I was talking to some ‘griddler’ friends of mine recently about the joys of living inside the New Forest perambulation. (A griddler is a local term for a non-commoning person who lives inside the cattle-grid zone of the New Forest.) These friends love being part of a village community in which, of course, they include the commoner’s free roaming animals. Their cottage is picture-postcard perfect, with a thatched roof, and fragrant honey-suckle and pink roses over the door. It’s always a pleasure to visit, particularly as I am usually greeted with a large mug of coffee and a fully loaded biscuit barrel. Their home overlooks a small green that is separated from the property by a busy village road. A short distance away is a crossroads where visitors must choose carefully the direction they wish to go in order to either access the Open Forest, enter a dead-end track leading to other properties, travel further to the village centre, or return back the way they had come. To aid the visitors in their choice is a signpost, located on the green. This simple structure, a black and white name board suspended between two round wooden posts, stands alone informing passers by of their location.
Leading a double life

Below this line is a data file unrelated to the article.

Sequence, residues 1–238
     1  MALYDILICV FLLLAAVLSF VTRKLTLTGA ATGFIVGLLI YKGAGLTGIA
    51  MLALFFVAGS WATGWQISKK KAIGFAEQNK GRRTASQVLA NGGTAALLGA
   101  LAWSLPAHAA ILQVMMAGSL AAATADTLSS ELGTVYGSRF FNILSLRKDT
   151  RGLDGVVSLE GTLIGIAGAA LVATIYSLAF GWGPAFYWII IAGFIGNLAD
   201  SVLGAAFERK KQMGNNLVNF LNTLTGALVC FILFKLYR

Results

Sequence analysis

Apparently this road sign leads a double life. According to my friends, not only do cyclists and walkers perch or lean upon it while consulting their maps and phone apps, but the ponies, donkeys, and cattle use it as a scratching post. In fact, the height of the road sign is so accommodating that some of the taller ponies are even able to straddle it in order to relieve the itching to their undersides that teeth or hooves are unable to reach. The majority of the ponies and donkeys, however, seem to like to rub their rear ends up and down the posts, as if giving themselves a massage as well as scratching. My friends refer to this as ‘bottom flossing’, because to all intents and purposes that’s exactly what it looks like the animals are doing. New Forest ponies are very clever animals and they are also opportunists. I have seen for myself a pony using the horns of a cow, which was lying down and chewing her cud, to scratch itself. Many of the cables on the Open Forest, which support telephone poles or other infrastructure features, are often used for the same purpose (see photo below). It’s not unusual to see these large metal cables with a tidemark line of hair-encrusted dirt up to several feet, or a metre or so, from the ground. My friends, however, are often concerned about the visitors who rest on the signpost outside their cottage. They have no doubt that if these people knew how (and particularly where) the animals used the sign they would probably avoid it altogether or at the very least wash their hands after touching it.